Nick Saban’s list of superlatives at Alabama is well-trod ground by now: the five national championships, the 11 straight seasons with at least some time spent at No. 1 in the rankings, the parade of five-star recruits who annually show up at his door to keep it all going.

Monday night’s loss to Clemson in the College Football Playoff championship game was the opposite of all that. For Saban, it was pretty much the worst. Let us count the ways.

Tua Tagovailoa’s pick-six

It all started well for Alabama, which forced a three-and-out on Clemson’s opening possession. But on the third play of the Crimson Tide’s first drive, Tigers cornerback A.J. Terrell jumped a near-lateral pass from Tagovailoa that was intended for Jerry Jeudy, who barely had turned around to see the ball heading his way. Forty-four untouched yards later, Clemson was up 7-0.

“That was totally a bad decision,” Tagovailoa said after the game. “It was a poor decision on my part. I just think we came out, and we were killing ourselves. We shot ourselves in the foot by me throwing that interception for a touchdown and then not finishing drives the way we wanted to. Just didn’t go the way we wanted to.”

The halftime deficit

It wasn’t so much that Alabama trailed at halftime but rather the speed with which Clemson put up 31 points, which tied for the most a Saban-coached Crimson Tide team has allowed in the first two quarters (it matched the 31 first-half points Alabama gave up in a Sugar Bowl loss to Oklahoma in the 2013-14 season). The 31-16 halftime hole also was the biggest ever for Saban at Alabama.

This fake field goal attempt

Facing that halftime deficit, Alabama got the ball to begin the second half and started off well with gains of 15, 11 and 14 yards sandwiched around an ineligible-man-downfield penalty, plus a fourth-and-1 conversion from the Clemson 40. But the drive stalled at the Clemson 22 and, facing fourth and six, out came Joseph Bulovas for a 39-yard field goal attempt.

But instead of trying for the three points — Bulovas already had missed a first-quarter extra point — holder Mac Jones (the team’s third-string quarterback and one not known for his wheels) took the snap and tried to run for the first down with Alabama’s 206-pound kicker serving as his lead blocker. It was a dismal, desperate call: As you can see from Clemson’s backed-off defensive formation in the video, the Tigers seemed to know it was coming and stopped Jones well short of the first down. The rout continued.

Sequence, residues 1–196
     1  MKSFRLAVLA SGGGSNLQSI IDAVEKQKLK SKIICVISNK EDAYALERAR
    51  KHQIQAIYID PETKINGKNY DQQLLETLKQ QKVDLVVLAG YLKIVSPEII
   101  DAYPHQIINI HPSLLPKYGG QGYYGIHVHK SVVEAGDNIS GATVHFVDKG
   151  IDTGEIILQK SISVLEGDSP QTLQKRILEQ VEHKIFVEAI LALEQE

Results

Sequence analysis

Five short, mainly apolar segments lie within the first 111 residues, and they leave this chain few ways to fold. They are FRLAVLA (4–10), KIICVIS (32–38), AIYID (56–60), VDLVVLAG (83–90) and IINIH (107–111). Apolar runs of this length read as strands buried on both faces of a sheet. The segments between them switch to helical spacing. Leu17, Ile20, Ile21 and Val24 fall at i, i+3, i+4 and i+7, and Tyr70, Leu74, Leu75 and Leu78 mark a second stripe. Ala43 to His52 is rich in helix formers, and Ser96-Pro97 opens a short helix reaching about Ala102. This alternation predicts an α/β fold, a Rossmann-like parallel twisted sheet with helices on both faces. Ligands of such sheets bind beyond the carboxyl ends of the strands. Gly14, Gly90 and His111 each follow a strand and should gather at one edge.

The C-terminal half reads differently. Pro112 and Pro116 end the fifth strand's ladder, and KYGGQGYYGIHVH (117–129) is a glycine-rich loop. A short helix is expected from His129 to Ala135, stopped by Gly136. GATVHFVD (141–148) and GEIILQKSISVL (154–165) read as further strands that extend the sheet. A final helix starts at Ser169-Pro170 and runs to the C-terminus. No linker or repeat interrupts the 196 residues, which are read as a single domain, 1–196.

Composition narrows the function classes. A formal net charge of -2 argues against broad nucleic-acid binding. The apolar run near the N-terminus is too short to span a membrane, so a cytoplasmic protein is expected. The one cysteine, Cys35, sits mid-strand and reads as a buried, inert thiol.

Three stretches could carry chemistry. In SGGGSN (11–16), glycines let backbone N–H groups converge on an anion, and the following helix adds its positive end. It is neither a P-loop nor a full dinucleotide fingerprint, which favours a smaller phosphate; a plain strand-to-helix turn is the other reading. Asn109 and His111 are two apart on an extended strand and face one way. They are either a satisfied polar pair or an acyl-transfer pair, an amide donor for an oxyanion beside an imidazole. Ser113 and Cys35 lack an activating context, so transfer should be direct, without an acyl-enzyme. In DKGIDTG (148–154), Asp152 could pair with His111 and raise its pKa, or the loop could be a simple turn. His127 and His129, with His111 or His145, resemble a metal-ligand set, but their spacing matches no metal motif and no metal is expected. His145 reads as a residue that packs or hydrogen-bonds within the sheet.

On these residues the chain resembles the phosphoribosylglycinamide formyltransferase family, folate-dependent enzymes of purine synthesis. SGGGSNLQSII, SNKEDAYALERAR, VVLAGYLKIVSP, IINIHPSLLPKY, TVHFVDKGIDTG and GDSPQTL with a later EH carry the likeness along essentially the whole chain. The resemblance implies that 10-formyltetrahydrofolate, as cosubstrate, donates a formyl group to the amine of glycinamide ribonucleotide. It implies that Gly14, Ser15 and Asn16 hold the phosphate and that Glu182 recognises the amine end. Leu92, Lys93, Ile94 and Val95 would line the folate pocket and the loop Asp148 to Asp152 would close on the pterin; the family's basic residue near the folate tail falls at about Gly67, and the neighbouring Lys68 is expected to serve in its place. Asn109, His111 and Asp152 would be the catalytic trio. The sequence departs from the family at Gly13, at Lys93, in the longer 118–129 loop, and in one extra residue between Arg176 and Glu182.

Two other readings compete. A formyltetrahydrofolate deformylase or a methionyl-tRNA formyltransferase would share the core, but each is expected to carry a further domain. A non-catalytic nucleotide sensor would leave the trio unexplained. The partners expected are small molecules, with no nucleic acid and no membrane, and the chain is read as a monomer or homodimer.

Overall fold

“I think it was a poor decision on my part not to kick the field goal the first drive of the second half,” Saban said after the game. “We thought we had a really, really good fake, and somebody didn’t block the guy they were supposed to block, so it didn’t work, so it was a bad call. It’s always that way.”

The defense

Alabama gave up 34 points to Oklahoma in the College Football Playoff semifinals on Dec. 29, the most it ever had allowed in a game under Saban, but that contest never seemed in doubt: Alabama led 31-10 at halftime and won by 11. Just nine days later, Clemson lit up the scoreboard against Saban’s team once again and nearly topped the Sooners’ record in the first half before finishing with 44 points, the most a Saban-coached Alabama team ever has allowed.

That’s 78 points allowed in two games. Last season, on its way to its fifth national title under Saban, the Crimson Tide allowed 79 points combined in its final five games, and it was the worst two-game points-allowed stretch for one of his Alabama teams since the Crimson Tide gave up 79 points in losses to Auburn and Oklahoma at the end of the 2013-14 season.

Going back to the SEC championship game win over Georgia, Alabama gave up 106 points over its final three games. The last time a Saban-coached NCAA team surrendered at least that many points over a three-game stretch came in 1999, when he was at Michigan State (a 34-31 win over Michigan followed by losses of 52-28 and 40-10 to Purdue and Wisconsin, respectively).

The last time a Saban-coached team lost by more than 14 points came in December 2006, when his Miami Dolphins suffered a 21-0 loss to the Buffalo Bills.